Rice husk to incense sticks

Preeti Mehra Recently in West Champaran district (Bihar) | Updated on November 12, 2017

Twin gains: Residue from conversion of rice husk intopower can be used to make agarbathis with womenemployment being an offshoot advantage.


When revenue streams need augmenting and empowerment is the goal, R&D takes on a special meaning. It becomes even more interesting when it is a mass product like agarbattis or incense sticks, which command a market size of Rs 1,000 crore annually in the country.

While converting rice husk into power that's what a renewable energy company, Husk Power Systems, discovered – it could use the char waste left behind to make agarbattis. Apart from earning extra revenues for the company, the cottage industry could be a source of earning for women living in the vicinity of the plant.

Traditionally agarbattis in the country are made of a variety of powders mixed together, essentially charcoal, white chip, and sandle wood with jiget as the binding agent. Mixed with water and made into dough, it is then rolled on bamboo sticks. If they need to be perfumed, they are generally dipped in it or sprayed with it.

Making agarbattis is essentially a low technology, labour intensive job, and HPS has decided to do it differently so that costs are kept at minimum and earnings can be enhanced for the women. Though initially HPS was also using the traditional hand-rolled method to turn the waste char into agarbattis, it realised that the margins were not substantial enough to keep the initiative afloat.

Being technology savvy and having studied in technical institutes in India and overseas, the partners studied different ways they could use to make the incense sticks. They then struck upon an innovative method to fix the char and binder to the bamboo stick – a trade secret not to be disclosed.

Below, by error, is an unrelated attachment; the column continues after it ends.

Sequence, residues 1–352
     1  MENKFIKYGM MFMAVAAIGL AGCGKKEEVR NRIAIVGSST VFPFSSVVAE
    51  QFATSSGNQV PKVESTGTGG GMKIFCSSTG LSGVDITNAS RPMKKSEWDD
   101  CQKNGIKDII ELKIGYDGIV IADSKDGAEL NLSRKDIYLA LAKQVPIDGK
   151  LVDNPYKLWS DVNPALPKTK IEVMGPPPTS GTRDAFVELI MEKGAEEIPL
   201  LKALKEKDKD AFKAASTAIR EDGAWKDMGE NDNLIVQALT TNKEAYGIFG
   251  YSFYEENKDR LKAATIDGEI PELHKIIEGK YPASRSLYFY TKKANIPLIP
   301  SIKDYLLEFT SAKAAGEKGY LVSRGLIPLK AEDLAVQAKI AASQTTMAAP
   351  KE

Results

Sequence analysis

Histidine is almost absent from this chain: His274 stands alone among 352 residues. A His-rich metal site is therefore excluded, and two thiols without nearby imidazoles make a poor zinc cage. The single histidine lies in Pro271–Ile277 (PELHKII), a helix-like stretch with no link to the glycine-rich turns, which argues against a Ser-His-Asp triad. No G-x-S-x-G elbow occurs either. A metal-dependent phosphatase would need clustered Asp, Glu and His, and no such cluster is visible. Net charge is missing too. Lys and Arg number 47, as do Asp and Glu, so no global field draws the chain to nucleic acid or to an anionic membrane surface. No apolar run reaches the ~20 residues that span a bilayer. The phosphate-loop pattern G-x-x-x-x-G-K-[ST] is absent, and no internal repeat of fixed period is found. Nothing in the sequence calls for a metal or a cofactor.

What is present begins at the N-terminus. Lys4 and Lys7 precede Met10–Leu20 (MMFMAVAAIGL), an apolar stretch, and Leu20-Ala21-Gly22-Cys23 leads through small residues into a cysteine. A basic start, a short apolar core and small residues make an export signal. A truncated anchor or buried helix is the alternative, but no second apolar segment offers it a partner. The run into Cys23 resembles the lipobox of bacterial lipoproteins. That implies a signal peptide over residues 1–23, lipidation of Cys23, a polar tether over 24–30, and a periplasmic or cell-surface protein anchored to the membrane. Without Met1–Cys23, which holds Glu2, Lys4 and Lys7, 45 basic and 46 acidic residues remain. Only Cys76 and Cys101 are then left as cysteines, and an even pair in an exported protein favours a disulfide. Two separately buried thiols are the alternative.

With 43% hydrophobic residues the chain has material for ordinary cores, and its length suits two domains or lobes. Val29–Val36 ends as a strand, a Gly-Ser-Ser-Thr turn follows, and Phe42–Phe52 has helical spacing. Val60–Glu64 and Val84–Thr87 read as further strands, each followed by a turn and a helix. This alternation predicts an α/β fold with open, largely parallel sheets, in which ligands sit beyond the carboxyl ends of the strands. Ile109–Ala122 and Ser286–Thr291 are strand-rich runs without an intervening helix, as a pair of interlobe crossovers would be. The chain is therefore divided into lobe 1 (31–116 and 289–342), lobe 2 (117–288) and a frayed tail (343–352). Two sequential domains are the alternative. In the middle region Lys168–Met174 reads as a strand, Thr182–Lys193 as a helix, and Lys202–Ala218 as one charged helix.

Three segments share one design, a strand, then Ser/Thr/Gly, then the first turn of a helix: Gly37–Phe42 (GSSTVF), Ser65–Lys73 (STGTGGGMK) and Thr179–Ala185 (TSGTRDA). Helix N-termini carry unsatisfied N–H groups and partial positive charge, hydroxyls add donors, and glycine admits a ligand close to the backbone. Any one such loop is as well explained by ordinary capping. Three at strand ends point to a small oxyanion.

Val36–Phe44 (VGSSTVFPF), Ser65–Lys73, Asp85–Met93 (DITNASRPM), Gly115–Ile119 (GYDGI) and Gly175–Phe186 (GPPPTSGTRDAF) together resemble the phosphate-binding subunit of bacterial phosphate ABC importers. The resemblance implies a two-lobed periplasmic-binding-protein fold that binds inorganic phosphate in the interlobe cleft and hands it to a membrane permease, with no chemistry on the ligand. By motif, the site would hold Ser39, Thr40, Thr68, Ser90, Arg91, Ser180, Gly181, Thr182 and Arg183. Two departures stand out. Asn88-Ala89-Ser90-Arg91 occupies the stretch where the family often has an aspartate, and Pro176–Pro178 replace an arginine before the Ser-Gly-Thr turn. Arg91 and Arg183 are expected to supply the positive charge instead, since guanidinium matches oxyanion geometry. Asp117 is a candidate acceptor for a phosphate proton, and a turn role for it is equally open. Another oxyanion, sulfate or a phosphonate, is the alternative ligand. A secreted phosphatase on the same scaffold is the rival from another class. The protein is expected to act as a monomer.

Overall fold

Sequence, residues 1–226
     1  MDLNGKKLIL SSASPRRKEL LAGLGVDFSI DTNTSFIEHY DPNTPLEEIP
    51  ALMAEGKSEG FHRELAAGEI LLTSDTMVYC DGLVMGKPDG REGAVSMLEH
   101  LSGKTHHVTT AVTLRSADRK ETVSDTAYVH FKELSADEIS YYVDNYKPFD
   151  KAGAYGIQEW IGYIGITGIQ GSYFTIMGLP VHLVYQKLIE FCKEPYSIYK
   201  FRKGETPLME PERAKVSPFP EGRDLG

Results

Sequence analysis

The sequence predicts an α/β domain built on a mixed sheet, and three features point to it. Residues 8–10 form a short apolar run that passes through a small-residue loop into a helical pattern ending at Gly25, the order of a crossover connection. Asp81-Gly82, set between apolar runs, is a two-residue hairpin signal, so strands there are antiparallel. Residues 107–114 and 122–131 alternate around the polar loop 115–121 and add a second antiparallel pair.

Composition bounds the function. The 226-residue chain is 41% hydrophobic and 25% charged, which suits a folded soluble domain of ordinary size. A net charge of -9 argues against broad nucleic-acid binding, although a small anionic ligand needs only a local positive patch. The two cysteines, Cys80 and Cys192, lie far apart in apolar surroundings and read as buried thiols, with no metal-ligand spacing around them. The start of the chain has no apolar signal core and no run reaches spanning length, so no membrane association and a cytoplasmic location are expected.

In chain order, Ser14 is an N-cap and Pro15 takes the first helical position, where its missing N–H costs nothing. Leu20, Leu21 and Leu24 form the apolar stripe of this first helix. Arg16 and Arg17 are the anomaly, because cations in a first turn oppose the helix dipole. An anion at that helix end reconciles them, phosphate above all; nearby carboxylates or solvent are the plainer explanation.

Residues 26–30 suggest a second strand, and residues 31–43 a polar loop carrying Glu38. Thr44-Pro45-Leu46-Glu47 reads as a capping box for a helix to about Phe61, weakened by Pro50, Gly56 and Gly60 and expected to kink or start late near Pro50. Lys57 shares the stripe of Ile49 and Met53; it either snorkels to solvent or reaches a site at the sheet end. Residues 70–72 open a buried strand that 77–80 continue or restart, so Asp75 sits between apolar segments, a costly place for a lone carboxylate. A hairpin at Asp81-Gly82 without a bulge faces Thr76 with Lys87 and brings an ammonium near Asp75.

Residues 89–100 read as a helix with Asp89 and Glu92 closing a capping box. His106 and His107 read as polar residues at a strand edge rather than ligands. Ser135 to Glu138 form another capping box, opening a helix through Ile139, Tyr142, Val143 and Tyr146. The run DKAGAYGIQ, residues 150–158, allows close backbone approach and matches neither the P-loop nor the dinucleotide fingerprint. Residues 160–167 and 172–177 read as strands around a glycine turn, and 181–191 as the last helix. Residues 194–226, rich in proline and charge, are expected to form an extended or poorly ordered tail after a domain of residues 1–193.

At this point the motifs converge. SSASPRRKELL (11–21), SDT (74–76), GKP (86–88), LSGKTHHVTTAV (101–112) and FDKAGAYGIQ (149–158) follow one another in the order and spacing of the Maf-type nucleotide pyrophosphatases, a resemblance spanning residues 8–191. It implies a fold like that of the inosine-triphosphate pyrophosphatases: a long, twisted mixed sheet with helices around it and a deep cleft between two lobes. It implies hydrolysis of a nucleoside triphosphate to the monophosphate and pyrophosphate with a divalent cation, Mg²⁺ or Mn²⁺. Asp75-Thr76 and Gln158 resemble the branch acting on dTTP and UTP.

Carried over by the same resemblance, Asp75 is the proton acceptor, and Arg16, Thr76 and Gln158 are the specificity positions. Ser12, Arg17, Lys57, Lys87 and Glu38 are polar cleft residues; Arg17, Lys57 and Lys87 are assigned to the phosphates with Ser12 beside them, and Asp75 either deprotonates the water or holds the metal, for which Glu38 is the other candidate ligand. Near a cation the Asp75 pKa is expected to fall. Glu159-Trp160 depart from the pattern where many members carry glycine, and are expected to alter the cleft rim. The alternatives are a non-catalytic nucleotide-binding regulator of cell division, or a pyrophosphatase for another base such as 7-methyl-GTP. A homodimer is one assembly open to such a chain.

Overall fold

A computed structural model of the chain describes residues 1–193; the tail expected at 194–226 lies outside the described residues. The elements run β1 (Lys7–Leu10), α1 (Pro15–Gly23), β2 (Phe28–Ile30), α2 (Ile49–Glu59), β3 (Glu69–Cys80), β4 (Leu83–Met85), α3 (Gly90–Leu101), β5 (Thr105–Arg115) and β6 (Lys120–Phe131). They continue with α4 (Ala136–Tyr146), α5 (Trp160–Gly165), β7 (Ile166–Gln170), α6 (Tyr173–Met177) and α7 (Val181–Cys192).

“We've been trying out the new way to make agarbattis and it seems to be working out. I am earning Rs 60 to Rs 80 per day doing this,” says Rajini who mostly spends the money on her children. She, however, is waiting for the agarbattis to go to the market, so that her income can increase to around Rs 100 a day.

HPS is progressing with the experiment, and has come a long way. Of course, there is still scope for perfection, says COO Ratnesh Yadav, pointing out the potential of agarbatti making to provide employment to thousands of women across the district. While each of the mini power plants provides light to about 400 households and shops, it also saves the community approximately 42,000 litres of kerosene and 18,000 litres of diesel per year.

Now, the production of agarbattis will make use of waste from rice husk, give us an added revenue stream and provide employment to the local women, he says, adding, “It's not about electricity alone, it's about empowerment.” As of August 2010, HPS has sequestered 50,000 tonnes of CO{+2}, and employed and trained more than 300 local people for running and managing its power plants. Through agarbattis it hopes to create a livelihood for the women as well.

“We will help HPS with product packaging, design and taking it to the market,” says Anuradha Bhavnani, Regional Director at Shell Foundation, the organisation that is providing grants for the renewable energy venture. She suggests the product be perfumed with essential oils from local flowers such as the champa (magnolia), the tree that the district is named after.

Published on July 20, 2011

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